hypnosec writes "Anonymous has filed a petition with the U.S. Government asking the Obama administration to make Distributed Denial of Service (DDoS) attacks a legal form of protest. Anonymous has argued that because of advancements in internet technology, there is a need for new ways of protest. The hacking collective doesn't consider DDoS as a form of attack and equates it to hitting the 'refresh' button on a webpage. Comparing these attacks to the 'occupy' protests, Anonymous notes that instead of people occupying an area, it is their computers occupying a website for a particular period of time."
Check out the new SourceForge HTML5 internet speed test! No Flash necessary and runs on all devices. ×
New submitter snooz_crash writes "An Ex-CIA analyst requests your assistance in IDing a base that he has been observing for quite a while. The base has been in existence for several years, but its shape and location do not lead to an immediate answer to the riddle of 'what the heck is it?'"
angry tapir writes "Zynga's Mark Pincus made the annual 'Worst CEOs' list compiled by Dartmouth College professor Sydney Finkelstein. Mark Zuckerberg of Facebook and Andrew Mason of Groupon received dishonorable mentions. Zuckerberg earned his dishonorable mention on the list partly due to his 'hoodie mentality.'"
Google85 writes "Dacor is exhibiting an oven that runs Android at CES 2013: it pulls together a 1GHz processor, 512MB of DDR2 RAM and Android 4.0.3. It also cooks food. At the front of the Discovery Wall Oven, there's a 7-inch LCD touch panel. From the article: '...The oven-maker's Discovery IQ controller cooking app will offer up interactive cooking guides, recipes and all other things cooking, although you'll still be able to install more standard apps from Google Play. The built-in cooking app offers preprogrammed dishes and adjustable timings for several dishes, while you can even program the oven to cook food remotely from any Android device.'"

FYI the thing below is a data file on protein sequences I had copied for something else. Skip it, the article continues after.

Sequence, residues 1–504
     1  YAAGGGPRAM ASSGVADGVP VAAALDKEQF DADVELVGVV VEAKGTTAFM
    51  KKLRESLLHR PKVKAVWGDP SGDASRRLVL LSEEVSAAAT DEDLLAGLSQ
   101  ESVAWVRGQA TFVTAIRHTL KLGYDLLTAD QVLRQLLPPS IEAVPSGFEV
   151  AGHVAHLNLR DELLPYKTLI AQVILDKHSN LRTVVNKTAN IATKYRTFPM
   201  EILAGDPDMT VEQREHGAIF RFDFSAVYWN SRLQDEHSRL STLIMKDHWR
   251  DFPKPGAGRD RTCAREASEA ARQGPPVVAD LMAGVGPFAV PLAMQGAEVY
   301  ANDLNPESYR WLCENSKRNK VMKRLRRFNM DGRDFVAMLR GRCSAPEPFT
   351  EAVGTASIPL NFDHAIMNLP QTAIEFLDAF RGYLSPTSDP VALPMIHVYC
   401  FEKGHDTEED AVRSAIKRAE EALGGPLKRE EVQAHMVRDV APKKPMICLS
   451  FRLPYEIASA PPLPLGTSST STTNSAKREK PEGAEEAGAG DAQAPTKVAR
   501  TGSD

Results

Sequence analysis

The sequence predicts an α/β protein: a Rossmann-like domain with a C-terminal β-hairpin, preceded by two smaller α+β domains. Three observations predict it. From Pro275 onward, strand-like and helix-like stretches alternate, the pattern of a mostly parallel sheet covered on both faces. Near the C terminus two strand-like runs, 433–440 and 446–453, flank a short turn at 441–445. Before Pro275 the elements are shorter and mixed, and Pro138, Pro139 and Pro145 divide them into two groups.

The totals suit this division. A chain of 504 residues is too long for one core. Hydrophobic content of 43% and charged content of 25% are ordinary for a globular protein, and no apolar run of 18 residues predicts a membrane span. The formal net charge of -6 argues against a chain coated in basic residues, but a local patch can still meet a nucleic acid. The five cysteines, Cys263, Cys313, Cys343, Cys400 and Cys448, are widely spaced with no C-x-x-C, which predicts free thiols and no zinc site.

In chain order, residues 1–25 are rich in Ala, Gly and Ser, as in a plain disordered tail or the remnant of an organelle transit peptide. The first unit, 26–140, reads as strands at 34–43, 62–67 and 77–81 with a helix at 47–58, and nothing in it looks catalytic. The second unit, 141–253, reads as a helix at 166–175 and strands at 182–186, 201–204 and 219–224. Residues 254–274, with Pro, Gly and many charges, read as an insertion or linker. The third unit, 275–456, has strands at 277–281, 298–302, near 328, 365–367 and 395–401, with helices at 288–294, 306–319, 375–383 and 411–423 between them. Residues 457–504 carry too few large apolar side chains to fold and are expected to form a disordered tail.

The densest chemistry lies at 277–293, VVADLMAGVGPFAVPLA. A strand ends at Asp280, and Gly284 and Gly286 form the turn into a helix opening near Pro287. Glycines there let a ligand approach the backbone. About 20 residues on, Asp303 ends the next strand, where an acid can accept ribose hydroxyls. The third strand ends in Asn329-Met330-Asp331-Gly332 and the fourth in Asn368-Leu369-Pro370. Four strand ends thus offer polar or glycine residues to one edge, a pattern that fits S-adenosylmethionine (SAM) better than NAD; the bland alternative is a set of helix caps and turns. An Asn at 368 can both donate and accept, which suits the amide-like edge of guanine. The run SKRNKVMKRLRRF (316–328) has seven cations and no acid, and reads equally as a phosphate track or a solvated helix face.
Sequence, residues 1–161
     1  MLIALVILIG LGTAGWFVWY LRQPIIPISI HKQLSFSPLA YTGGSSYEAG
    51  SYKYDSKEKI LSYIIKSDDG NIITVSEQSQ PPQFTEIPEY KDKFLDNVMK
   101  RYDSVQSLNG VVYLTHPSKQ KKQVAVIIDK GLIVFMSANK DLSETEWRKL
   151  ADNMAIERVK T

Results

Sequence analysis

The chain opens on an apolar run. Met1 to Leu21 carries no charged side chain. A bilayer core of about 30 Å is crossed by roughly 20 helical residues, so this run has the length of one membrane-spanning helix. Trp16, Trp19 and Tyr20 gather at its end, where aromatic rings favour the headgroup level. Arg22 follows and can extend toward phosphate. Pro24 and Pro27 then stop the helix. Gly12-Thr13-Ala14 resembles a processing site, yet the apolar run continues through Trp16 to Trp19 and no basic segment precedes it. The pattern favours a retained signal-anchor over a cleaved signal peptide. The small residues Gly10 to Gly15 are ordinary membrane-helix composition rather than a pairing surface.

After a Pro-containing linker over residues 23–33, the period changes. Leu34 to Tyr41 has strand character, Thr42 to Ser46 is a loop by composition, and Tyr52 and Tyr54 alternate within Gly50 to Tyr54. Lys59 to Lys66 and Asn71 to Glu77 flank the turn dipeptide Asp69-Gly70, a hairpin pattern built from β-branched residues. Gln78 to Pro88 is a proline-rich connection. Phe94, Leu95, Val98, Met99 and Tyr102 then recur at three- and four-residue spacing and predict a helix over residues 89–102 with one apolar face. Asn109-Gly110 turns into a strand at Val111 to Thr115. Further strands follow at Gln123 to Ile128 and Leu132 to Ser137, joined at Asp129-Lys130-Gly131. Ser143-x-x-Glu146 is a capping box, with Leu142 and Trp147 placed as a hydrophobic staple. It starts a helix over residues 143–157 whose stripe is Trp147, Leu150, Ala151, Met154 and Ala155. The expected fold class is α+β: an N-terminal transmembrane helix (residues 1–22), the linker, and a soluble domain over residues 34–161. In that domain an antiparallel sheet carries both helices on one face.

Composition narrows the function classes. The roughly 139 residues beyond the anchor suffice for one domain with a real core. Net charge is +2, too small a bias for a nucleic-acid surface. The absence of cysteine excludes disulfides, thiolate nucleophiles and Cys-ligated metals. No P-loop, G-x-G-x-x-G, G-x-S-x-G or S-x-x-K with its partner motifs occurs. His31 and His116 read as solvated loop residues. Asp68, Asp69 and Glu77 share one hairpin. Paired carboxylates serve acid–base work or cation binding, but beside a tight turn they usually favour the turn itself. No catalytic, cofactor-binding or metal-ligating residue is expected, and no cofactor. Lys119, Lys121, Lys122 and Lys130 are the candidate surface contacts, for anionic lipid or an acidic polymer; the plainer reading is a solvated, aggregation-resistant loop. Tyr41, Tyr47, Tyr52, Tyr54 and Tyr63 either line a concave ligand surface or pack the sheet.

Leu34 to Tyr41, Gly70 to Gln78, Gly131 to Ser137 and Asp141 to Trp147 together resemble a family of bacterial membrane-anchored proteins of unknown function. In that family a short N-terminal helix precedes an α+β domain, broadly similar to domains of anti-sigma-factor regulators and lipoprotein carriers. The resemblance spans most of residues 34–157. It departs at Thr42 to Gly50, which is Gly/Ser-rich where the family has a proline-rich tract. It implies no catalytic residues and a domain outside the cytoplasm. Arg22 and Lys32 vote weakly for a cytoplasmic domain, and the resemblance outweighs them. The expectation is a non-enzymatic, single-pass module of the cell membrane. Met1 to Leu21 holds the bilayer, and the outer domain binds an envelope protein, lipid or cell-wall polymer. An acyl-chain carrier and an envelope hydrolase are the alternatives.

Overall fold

Orome1 writes "When imagining law enforcement officers investigating and searching for cyber criminals or evidence about their activities, the last thing that you can probably envision is them searching for a stray cat. But that was exactly what detectives of Japan's National Police Agency recently did as the last step in a complex 'treasure hunt' started on New Year's Day by a person (persons?) who is allegedly the mastermind behind the so-called 'Remote Control Virus.' The malware in question was instrumental in staging a continuous campaign of death and bomb threats sent to airline companies, kindergartens, schools, law offices, broadcasting networks and shrines."
An anonymous reader writes "An irritated father of a 23-year-old gamer hired 'In-game assassins' to attempt to make his son quit playing video games and have him get a job. 'Feng's idea was that his son would get bored of playing games if he was killed every time he logged on, and that he would start putting more effort into getting a job.' While the son recently had a job at a software development company he quit because he decided he didn't like the work."
linuxwrangler writes "Two teens are behind bars after hatching a plan that involved drugging milkshakes they gave to the parents of one of the kids. The parents were suspicious after waking groggy the next day, and used a home drug-test on one of the remaining drinks. The teens came up with the plan in order to avoid their 10pm Internet curfew."